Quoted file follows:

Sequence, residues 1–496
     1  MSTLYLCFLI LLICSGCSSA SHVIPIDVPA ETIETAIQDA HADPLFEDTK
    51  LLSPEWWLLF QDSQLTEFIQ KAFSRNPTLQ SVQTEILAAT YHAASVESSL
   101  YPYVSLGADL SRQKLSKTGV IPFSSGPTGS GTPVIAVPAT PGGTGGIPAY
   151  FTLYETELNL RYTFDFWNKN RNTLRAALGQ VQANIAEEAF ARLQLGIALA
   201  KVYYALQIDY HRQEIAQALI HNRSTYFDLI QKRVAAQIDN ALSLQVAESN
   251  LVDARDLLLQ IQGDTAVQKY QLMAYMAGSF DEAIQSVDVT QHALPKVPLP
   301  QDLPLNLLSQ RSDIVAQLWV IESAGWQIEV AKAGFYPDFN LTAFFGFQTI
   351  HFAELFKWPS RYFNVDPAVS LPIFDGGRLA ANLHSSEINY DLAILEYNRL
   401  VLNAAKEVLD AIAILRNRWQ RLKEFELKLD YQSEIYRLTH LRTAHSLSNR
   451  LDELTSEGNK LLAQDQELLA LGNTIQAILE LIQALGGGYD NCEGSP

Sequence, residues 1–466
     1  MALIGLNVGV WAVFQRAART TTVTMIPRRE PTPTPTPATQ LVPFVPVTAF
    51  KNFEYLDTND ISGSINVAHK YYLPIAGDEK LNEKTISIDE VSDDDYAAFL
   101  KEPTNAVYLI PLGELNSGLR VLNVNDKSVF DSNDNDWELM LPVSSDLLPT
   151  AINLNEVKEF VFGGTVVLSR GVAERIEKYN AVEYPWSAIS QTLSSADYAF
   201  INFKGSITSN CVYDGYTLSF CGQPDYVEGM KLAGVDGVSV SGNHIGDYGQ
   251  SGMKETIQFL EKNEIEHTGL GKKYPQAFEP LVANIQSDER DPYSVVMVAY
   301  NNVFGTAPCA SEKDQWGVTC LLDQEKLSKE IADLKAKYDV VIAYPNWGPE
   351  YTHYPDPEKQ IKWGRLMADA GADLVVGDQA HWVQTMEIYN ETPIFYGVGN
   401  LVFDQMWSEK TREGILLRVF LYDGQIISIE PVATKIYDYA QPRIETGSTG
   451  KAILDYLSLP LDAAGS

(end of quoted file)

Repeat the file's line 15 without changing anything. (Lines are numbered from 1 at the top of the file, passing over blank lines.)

   101  KEPTNAVYLI PLGELNSGLR VLNVNDKSVF DSNDNDWELM LPVSSDLLPT